Apologies for the really long absence, but with the Easter holiday, going home to Wallkill several times in the past month, and a crazy period at work, I haven’t had much time to update anything worth substance.
In the past week, there have been several fantastic personal finance-related stories in both the New York Times and Wall Street Journal.
No, none of these have anything to do with income taxes. Do make sure you file by April 15th, though, or else the big bad taxman just may come after you.
If you have the time this weekend, definitely peruse these not-so-long stories. I’ll give a quick summary and my thoughts on each one after the jump.
I’m continuing to make great gains in my net worth — since a small blip in November 2009, I’m continuing on the right path. My net worth increased another approximately 27 percent in the last month.
On to the numbers …
I read a really interesting article recently on Kiplinger.com about 10 easy ways, or “tricks”, to make yourself save a portion of your hard-earned money. While saving is a fundamentally important pillar for any worthwhile personal finance plan — and this week is America Saves Week — I think it’s important to go back over some of the easy ways those who have trouble with discipline can ensure they are stashing away part of their money for savings.
I focus quite a bit on doing more with a little bit of money, but what if you actually came across a large sum of cash? An inheritance, lottery winnings, etc.
I read somewhere that lottery winners are increasingly finding themselves filing for bankruptcy — it’s because they don’t plan on just how they’re going to use that lump sum. If you so happen to be lucky enough (of course, lucky is relative, especially if you received an inheritance after a loved one passed away) to come across a financial windfall, would you know what to do?
When it comes to our generation, Generation Y, most people have their own opinions already formed about us: the vanguard in tech savvy, lazy, spoiled, shining lights in a dim world, etc.
No matter what anyone wants to say about us, we’re nothing if not complex. This week, there were several articles that examined our attitudes and patterns regarding money management and completing college. Just like our parents, we are affected by the same macroeconomic issues facing everyone today — we’re just handling it in different ways.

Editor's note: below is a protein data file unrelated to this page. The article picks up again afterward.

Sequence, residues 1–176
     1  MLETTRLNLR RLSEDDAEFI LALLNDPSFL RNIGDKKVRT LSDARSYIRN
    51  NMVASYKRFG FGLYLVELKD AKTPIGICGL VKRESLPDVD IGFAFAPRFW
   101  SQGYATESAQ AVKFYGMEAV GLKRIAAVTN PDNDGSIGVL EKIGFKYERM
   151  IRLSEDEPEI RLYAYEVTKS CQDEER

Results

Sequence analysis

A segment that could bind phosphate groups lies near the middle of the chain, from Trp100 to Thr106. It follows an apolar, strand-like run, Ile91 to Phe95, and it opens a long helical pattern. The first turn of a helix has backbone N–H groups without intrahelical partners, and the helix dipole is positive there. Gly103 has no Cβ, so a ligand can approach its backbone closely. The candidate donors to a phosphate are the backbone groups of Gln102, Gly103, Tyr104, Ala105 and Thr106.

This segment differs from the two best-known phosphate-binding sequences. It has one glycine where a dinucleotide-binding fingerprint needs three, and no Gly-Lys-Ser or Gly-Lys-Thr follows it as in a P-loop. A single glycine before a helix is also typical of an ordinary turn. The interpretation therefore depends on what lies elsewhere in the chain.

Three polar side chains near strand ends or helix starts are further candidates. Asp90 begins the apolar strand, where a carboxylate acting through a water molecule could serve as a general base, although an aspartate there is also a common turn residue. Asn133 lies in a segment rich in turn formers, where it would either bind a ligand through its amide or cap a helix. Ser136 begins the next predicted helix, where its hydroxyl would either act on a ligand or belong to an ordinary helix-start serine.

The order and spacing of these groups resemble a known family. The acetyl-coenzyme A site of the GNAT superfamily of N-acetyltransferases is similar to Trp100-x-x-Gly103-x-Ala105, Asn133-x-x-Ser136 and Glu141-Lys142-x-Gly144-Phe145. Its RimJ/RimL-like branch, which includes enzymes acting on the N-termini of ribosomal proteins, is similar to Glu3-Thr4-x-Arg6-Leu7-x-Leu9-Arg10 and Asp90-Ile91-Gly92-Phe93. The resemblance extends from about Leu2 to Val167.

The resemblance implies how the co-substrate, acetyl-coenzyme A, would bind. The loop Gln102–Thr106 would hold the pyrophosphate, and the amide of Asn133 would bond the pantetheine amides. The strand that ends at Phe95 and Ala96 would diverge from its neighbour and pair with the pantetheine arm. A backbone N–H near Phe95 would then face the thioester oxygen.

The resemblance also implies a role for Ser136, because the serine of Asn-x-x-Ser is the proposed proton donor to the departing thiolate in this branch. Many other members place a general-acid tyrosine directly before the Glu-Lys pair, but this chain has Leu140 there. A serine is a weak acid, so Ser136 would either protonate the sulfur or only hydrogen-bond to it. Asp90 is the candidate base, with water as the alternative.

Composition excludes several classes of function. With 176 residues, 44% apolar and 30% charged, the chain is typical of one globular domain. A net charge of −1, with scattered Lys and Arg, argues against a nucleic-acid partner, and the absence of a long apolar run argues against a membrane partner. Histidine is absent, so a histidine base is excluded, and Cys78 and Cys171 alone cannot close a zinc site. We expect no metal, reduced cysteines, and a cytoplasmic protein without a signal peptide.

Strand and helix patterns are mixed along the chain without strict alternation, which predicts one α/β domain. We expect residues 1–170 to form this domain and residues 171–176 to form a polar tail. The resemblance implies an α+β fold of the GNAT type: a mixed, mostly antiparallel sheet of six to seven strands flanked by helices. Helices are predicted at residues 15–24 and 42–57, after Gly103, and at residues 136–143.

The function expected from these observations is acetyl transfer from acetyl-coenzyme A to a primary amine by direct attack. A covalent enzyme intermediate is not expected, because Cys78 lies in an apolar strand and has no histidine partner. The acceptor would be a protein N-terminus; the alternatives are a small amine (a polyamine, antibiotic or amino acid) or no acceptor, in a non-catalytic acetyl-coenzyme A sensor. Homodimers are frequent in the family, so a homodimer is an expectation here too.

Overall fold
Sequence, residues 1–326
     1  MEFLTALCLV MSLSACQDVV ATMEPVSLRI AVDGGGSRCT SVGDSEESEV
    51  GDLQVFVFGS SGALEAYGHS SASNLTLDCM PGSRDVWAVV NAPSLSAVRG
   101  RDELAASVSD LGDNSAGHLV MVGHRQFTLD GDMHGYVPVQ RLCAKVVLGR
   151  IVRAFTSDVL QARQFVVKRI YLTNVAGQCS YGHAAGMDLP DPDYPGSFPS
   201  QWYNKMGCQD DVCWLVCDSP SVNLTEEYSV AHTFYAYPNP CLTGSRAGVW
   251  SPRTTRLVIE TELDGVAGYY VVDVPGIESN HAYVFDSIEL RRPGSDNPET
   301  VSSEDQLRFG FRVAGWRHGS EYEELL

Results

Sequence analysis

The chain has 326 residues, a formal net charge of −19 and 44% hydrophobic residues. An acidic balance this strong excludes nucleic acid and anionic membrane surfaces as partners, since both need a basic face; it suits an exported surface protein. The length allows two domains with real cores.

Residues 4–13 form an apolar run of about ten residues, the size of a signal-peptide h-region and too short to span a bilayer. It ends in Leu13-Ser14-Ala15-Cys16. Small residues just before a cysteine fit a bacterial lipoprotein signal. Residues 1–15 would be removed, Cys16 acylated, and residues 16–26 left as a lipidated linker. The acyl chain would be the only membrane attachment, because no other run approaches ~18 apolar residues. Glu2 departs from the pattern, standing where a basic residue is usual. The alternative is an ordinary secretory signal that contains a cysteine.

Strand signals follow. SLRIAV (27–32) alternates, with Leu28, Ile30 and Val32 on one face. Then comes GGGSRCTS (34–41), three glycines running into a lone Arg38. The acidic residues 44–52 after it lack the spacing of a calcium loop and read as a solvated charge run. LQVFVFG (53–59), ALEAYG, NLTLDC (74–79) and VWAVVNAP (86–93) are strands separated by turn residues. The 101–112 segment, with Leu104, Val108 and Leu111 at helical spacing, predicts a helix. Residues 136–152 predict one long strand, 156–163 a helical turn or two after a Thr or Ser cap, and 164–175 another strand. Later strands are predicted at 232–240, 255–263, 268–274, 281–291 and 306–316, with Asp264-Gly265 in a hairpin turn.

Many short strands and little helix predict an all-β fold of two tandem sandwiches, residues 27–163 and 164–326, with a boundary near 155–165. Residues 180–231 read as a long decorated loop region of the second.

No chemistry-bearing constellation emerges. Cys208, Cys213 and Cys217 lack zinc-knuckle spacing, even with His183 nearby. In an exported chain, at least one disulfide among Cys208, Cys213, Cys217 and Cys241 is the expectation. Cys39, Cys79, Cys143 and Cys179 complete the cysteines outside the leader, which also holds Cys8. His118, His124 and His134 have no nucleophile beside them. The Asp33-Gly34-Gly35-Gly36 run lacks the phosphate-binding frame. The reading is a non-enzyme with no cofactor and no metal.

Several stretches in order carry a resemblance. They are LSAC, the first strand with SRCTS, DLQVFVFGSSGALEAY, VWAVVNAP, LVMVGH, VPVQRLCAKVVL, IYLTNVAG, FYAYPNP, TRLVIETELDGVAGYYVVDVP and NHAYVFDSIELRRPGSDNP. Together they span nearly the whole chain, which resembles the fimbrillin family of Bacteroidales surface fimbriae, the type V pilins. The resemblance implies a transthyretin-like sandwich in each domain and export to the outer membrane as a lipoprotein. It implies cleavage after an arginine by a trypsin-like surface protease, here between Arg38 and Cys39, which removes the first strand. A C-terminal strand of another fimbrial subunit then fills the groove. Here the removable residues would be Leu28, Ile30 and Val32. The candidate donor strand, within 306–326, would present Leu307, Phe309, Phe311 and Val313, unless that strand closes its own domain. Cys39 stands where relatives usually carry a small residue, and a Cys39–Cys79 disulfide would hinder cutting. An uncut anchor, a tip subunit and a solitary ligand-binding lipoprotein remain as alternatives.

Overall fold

Paying for college is hard. Believe me — I know. I have about $18,500 left to pay off from my four years at Seton Hall, and I’m unbelievably lucky that’s all I have left to pay. The school cost, at that time, $35,000/year. I can’t even imagine how much it is now.
Unfortunately, most jobs now require you to have a college degree in order to even be considered. Add all of the overqualified people applying for jobs because they have been laid off, and college seems like the rule rather than the exception.
Colleges, though, are also businesses. They are in it to make a profit, and the rising costs of tuition, room, board, and other fees further complicates matters.
It wasn’t always this way, but stories show that in today’s economic climate it is becoming more and more difficult to finish college — and the ultimate losers in this battle are the ones who are unable to finish what they start.
So today is my 25th birthday. It’s hard to believe I’ve been alive for a quarter of a century already (makes me seem much older than I probably am …). If you sat me down just a couple of years ago and told me I’d be living in Jersey City, be an editor of a business trade magazine, traveled around the country for that editorial position, and writing this blog, I would have never believed you.
Since now is as good a time as any, I sat down and thought about my current financial situation, my goals, and how I wanted to progress. With each year, some things become more clear to me. I realized during this period of contemplation that my long-term goals — purchase/rent a place of my own, pay off all college loans in full, and become financially independent — are essentially the same. I can clarify them a bit more now.